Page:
When I was about six or seven years old, I had my first sip of coffee in my father’s hometown: Narasapur, India. It was summer vacation and we were visiting our grandparents. We were staying at a hotel in town and mom ordered coffee for herself. Now usually, every time I asked to try Chai or coffee, the answer was always no. I don’t know if it was because it was vacation or because I had whined long enough, but that morning, I got to try my mom’s coffee. It was hot, bitter, sweet. I fell in love with the it’s forbidden flavors at first sip.
Since that day, coffee has been associated with straight luxury, straight freedom, straight adulthood, and straight relaxation. It is not a drink I ruin by drinking every day. Instead, every now and again on a prefect weekend or holiday morning, I’ll order myself a small cup. Sipping it slowly allowing the caffeine to gently awaken each cell in my body.
Now, I like Starbucks and it’s seasonal lattes, but real coffee makes mornings a little more worth it. Only three places come close to that first coffee I had: Jamaican Coffee, Venezuelan Coffee, and Indian Coffee. Not to say that I’m a connoisseur. I am the opposite. I have it so infrequently and am not snobby about it; I’ll drink it when ordered regardless of flavor. However, when it’s good, I am transported back to a time when vacations felt like vast oceans of bliss.
Today N and I drove to Skyline Drive. My first trip back in ten years. Ten years ago, I spent every Autumn season driving Skyline Drive. It became tradition. We’d stop at a small deli after the drive to eat our lunch. I always got the curry chicken salad sandwich. I don’t know if it was actually so good or it was the season and the tradition of it all, but this chicken salad was the best salad I’ve had. The memory of it still vivid. It’s no surprise that I tell N about this tradition multiple times on our drive there. Then, I demand that we relive the tradition after our drive.
My oldie, but goodie car and I chugged up the mountain. The clouds; large, feathery, brush strokes of white guided us to the top. Each overlook a little more dramatic than the last. Each pumping me with serenity and dreams. After a short drive, we drove back toward my nostalgia. I turned right and the memories slid in. All those drives with KH dreaming about our future as grown ups. Here I was back having achieved most of my dreams. We walked directly towards the shop. First red flag that rose was the sign that said Grassfed Meat This Way. That’s odd, I thought, they must have started selling meat too. I walked in anyway to find that it was no longer a sandwich shop. The owner was sitting in the back room that used to be a cafe eating her lunch. She came out when she saw me.
The moment I saw her I blurted out, “A million years ago, was this place a sandwich shop?”
She smiled and added: “Yes, a million or 8 years ago it was a sandwich shop.” I nodded, heart in my shoes and walked out.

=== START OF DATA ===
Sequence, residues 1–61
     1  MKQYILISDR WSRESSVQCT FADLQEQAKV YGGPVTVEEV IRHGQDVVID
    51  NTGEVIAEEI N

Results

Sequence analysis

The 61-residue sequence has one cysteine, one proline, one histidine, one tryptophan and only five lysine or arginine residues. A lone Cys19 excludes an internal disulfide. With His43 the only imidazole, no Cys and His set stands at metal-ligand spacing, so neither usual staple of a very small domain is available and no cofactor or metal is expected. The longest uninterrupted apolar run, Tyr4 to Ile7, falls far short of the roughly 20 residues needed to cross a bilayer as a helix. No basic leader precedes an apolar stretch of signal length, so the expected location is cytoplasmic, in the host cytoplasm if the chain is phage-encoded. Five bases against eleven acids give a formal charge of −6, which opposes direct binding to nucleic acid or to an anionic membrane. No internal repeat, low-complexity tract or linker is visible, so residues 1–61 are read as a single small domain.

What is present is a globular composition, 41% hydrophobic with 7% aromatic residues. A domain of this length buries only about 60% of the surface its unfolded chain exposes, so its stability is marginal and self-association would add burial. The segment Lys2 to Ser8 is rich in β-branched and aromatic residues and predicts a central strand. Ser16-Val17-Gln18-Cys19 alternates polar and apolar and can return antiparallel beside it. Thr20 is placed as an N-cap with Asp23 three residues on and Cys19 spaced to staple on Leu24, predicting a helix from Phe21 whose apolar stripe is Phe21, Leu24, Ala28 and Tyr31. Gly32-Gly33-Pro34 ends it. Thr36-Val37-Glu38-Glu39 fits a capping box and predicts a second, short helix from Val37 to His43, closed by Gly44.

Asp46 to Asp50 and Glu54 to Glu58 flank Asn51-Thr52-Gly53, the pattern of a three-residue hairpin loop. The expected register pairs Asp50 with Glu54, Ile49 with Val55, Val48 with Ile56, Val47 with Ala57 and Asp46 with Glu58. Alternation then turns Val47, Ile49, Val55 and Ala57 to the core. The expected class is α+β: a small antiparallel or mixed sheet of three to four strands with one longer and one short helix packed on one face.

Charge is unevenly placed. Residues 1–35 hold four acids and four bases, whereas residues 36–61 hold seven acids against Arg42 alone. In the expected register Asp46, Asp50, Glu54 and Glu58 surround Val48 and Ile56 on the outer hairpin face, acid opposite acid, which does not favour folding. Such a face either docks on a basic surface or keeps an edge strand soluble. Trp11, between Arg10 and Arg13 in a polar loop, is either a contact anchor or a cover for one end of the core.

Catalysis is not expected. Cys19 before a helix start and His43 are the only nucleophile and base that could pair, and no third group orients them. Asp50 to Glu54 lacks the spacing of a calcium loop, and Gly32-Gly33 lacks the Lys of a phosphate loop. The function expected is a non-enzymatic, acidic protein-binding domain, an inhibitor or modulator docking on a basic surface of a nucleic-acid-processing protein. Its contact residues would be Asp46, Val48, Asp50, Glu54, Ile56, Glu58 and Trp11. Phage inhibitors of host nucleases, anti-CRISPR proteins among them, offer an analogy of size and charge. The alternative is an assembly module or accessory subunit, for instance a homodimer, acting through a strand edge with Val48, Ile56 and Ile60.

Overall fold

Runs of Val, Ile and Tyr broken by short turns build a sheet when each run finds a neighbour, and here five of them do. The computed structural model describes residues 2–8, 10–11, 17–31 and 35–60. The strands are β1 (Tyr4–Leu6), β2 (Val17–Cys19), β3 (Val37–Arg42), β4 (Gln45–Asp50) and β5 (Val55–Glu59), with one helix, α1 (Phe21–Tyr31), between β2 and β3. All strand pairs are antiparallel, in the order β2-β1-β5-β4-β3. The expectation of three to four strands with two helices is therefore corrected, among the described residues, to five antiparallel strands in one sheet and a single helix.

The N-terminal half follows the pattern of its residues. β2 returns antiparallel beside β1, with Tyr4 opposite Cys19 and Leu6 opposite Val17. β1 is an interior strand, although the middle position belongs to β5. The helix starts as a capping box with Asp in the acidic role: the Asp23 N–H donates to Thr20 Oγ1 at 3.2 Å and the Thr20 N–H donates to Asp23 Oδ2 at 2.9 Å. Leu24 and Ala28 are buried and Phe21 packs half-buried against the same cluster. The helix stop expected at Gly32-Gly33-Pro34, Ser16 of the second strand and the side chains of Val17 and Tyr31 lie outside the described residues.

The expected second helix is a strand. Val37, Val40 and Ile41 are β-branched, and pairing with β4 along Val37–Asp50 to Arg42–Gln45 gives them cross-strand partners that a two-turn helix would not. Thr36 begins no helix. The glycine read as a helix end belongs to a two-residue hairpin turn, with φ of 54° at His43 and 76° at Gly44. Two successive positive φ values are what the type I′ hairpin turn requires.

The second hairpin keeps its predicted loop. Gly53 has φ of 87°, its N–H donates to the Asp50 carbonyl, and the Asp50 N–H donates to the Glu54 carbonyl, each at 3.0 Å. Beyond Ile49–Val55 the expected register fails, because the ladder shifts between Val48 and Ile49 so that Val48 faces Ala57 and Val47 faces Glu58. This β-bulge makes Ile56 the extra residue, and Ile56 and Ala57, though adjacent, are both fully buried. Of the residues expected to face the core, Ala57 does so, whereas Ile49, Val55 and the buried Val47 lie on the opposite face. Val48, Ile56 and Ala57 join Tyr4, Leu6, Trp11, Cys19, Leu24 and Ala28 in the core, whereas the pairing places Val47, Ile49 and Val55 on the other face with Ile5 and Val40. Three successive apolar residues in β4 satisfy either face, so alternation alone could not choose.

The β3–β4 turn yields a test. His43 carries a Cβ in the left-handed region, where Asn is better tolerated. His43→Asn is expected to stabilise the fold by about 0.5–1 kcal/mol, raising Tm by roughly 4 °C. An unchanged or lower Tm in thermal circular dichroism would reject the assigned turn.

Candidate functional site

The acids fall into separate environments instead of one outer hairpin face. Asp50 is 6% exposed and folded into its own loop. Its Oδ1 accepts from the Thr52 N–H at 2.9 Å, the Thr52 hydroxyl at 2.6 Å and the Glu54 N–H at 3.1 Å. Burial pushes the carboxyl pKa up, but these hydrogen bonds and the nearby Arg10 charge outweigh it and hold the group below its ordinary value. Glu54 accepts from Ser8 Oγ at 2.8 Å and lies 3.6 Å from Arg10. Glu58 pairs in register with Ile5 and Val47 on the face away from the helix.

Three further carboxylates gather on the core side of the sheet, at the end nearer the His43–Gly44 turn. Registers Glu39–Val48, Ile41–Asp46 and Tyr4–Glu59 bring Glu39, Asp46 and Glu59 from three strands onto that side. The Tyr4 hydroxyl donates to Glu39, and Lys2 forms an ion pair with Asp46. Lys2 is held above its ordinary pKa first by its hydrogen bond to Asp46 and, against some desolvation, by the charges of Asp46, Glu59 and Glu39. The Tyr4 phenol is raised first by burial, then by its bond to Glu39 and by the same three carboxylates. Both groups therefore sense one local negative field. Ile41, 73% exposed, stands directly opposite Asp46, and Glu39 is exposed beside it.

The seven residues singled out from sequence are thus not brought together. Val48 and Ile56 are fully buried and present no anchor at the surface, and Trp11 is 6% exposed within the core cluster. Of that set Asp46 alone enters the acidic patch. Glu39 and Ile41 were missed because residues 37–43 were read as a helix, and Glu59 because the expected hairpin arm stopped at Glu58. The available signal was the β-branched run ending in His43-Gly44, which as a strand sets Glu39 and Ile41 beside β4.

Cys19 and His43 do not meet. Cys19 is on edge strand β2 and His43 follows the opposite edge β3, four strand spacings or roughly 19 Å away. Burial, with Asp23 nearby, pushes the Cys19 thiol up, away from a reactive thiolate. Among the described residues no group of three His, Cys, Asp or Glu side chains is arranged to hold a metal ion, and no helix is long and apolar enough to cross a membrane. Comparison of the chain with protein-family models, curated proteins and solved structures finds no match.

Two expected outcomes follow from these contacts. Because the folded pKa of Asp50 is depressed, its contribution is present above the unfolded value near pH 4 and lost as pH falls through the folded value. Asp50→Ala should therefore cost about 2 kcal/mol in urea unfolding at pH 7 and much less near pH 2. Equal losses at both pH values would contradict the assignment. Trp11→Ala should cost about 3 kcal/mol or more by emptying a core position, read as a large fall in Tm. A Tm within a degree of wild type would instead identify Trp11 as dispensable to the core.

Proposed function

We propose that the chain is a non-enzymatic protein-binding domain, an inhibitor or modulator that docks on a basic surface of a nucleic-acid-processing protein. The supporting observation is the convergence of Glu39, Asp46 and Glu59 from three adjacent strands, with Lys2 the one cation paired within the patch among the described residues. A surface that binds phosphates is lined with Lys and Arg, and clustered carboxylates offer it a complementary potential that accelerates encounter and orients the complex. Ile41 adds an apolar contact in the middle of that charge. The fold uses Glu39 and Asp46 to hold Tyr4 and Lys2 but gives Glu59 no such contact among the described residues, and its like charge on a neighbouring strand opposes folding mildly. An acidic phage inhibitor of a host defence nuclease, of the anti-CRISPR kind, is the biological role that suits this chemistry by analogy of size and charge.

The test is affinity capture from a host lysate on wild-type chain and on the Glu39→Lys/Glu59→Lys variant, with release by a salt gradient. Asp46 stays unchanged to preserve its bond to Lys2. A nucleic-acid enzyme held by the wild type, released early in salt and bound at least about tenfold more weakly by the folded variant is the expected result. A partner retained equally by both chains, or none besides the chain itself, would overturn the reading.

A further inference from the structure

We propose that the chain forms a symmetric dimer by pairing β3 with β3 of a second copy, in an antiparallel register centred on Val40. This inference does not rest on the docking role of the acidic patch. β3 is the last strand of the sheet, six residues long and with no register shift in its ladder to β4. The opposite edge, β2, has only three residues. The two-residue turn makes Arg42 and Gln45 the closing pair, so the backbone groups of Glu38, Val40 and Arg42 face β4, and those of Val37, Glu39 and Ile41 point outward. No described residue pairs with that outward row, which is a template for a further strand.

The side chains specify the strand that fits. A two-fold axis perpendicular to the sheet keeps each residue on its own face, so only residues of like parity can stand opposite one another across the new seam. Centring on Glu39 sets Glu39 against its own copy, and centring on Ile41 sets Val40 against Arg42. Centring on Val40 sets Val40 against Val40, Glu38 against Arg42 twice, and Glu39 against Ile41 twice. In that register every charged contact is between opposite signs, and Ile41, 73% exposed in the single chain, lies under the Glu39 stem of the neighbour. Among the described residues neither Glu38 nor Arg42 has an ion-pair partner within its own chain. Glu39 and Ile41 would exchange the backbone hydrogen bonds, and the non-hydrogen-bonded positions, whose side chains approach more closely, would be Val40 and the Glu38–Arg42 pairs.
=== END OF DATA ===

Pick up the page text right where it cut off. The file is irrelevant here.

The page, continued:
“You do this all the time,” N said. “You build up these massive memories and set yourself up for disappointment.”
Kicking me whilst down. I was so disappointed that I would never get to taste that chicken salad again nor would I get to share it with N. The store owner mentioned that there was now a pub attached to the next door antique shop. Low and heavy, we walked over to the pub to have our lunch. We sat down and looked at the menus and wouldn’t you know there was a Curry Chicken Salad Sandwich on the menu. I couldn’t believe it. Surely, this was the same recipe. It had to be a nodd to the olden days. I didn’t look further. When I server came over, I order the Curry Chicken Salad. Her faced dropped; she just served the last of the chicken salad. Trying to hide my disappoint, I asked for a minute longer to make my decision. After a brief moment, I ordered the Grilled Caprese Sandwich with pesto. It arrived after a long twenty minutes. It was comforting and light. A new memory, different and modern.
The sandwich was good, but I walked away feeling robbed of my memory. This would be my fatal flaw, if I were a Shakespearean character. Nostalgia is what I live for. I hold tightly memories connected to my childhood; especially, food memories. There’s something about the sense of taste and smell that make the memory just a little more pleasurable. N’s comment got me thinking about why I want to relive such memories frequently. What is it about the past that makes me happy? What is it about childhood memories that stay so close to your heart? Why do I want to relive them?
Perhaps, one reason is reliving it makes it real like it actually did happen and still exists. Reliving it allows me to feel whole again like those Russian dolls with all the smaller dream2writes inside of the largest one. I may be setting myself up for disappointment, but the few times that I get to relive the memory makes all the disappointments worth it.